In the same round IM Tim Taylor brought out the venerable Colle System but fell victim to 13-year-old Anaiy Somolwar.
In an approximately even position, 18. Qe1 allows Black to draw a bead on the White king’s position (18…Qc8 would have done this also). Black pulls the trigger prematurely, though (20…Bb6 or 20…b6 are fine), but White fails to grab the opportunity: 21.gxf3 Qxf3 22.Qd1. In the game continuation, 24.Nd4 Bxg3 25.fxg3 should be played. Of course 25.Bxe5 Qxh3 loses. White’s last chance for resistance was 26.Qe3.
Returning to the prize winners in the Open, IM Cartagena and FM Alex Kretchetov split Under 2400 honors with 4 points, while the same score earned Ganesh Murugappan (only 2169) the Under 2300 prize. He beat IM Ed Formanek and drew IM Vladimir Mezentsev. There were four GMs and six IMs in the Open.
Michael Walder, 61, was the Expert section winner with 5½ points, and he has an inspiring story to tell. Diagnosed with inoperable stage 4 adenocarcinoma cancer in 2011, he was given less than a year to live. But after enduring debilitating treatment for three years, he was still alive and ready to return to tournament chess after an absence of 19 years. And another three years later, he’s playing a lot and in as good condition as one could hope for (cancer still in remission). Mike plays regularly at the storied Mechanics Institute chess room in San Francisco, and lives with three other chessplayers.
Mike was accompanied by his bichon poodle Samantha, and the plan was for her to stay in the hotel room while he was playing. Alas, the hotel had changed its policy and unaccompanied pets were no longer allowed in rooms. Mike played with Samantha (who is better behaved than most players) in his lap for two rounds, but then a prominent player complained that he was fearful that Samantha would suddenly bark (never mind her complete silence the first day, while cell phone ring tones were occasionally heard). Of course, parallels were drawn to Nimzovich’s legendary complaint about Lasker’s unlit cigar. With volunteer dog sitters and one game played in another room, Samantha muddled through and proudly joined Mike in his victory picture.
Class A marked a rare victory for youth. Jaisuraj Kaleeswaran, 13, of Fremont in Northern California, went in as the 32nd seed but emerged on top with 5-1. He was a member of the Mission San Jose Elementary School team that won the K-6 Open section at the 2016 national scholastics. Jaisuraj expresses gratitude to his inspirational coach Joe Lonsdale.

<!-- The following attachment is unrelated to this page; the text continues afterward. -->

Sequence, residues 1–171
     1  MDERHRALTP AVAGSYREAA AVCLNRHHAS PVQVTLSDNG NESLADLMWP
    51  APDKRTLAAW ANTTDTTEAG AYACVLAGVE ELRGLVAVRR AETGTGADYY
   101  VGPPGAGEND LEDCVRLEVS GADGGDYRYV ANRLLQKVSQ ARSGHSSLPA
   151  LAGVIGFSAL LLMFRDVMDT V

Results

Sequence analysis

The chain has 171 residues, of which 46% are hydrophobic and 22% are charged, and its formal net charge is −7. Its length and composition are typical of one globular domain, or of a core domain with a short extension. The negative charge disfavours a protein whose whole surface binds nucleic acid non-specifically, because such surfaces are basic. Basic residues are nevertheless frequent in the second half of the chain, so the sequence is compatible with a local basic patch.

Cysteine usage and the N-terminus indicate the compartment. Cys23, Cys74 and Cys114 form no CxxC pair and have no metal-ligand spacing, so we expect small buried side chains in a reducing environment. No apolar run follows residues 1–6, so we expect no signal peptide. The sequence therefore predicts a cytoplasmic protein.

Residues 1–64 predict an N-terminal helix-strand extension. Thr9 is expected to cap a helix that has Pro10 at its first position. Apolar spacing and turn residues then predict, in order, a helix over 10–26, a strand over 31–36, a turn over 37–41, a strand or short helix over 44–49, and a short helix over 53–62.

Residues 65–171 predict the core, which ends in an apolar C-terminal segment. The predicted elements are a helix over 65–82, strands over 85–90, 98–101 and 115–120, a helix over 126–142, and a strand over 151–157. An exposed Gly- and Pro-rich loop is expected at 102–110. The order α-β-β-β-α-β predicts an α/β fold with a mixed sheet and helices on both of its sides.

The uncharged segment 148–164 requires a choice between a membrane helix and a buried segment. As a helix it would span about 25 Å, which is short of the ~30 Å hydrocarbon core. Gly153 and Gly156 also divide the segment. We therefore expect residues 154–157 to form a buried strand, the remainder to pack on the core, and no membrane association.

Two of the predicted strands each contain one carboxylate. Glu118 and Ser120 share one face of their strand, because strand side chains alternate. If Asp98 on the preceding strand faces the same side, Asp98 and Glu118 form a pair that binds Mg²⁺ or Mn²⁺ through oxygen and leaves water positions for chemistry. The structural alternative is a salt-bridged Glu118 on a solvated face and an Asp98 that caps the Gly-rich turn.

James Bennett, 65, from Sunnyvale in Northern California, won the overall Senior prize and tied for first B with Cailen Melville, 27, of San Francisco. Class C represented a case of clear senior dominance, as Alan Howe of San Jose tallied 5½ to take the laurels. And Class D winner Kauschik Ghosh, also from the South Bay, isn’t too much of a veteran (just four years of tournament play), but is old enough that his son was also playing in the tournament. Unrated honors went to Seth Garcia.
East Bay Chess won the best club prize with 39 points after years of Mechanics Institute and Seattle Club dominance. The latter two trailed with 36½. IM Mezentsev topped the Blitz.
A warning to those who play in a higher section for the experience. That’s a worthy objective, but enthusiasm should be tempered by the fact that you have a strong chance to get an unplayed round. Young Alan Hung, rated 1811, played up two sections. He got a bye in the first round (odd number, a 50% chance), and because of an abundance of draws in Round 1, found himself up against GM Matamoros, the middle player in the one point group! After losing that game and a couple more, he then got a forfeit from a player (2162) who took ill at the last minute, and then lost the final round.
As always, Jerry and Fran Weikel and their helpers put on a great tournament, with the extras (coffee and morning snack, John Donaldson’s lectures, simuls by Donaldson and Moradiabadi, and readily visible demo boards) that Reno regulars expect. (We did miss GM Sergey Kudrin, a longtime regular participant who had to deal with a family health issue.) The prize fund totaled $19,700. Reno (which called itself “the biggest little city in the world” with a population of 32,000 when I visited with my family in the fifties, still has that sobriquet despite having grown about sevenfold) offers the beautiful Truckee River, good food and shows, some Western history, and yes, for those so inclined, gambling. The Larry Evans Memorial, in a similar format, will take place March 30 – April 1, 2018.
Finally, since this writer’s oft-made plea to the class players for games or anecdotes elicited a reply this time, we close with a “find the move” position. Black, Class A player Charles Brunton, is down material but has a surprise for his opponent.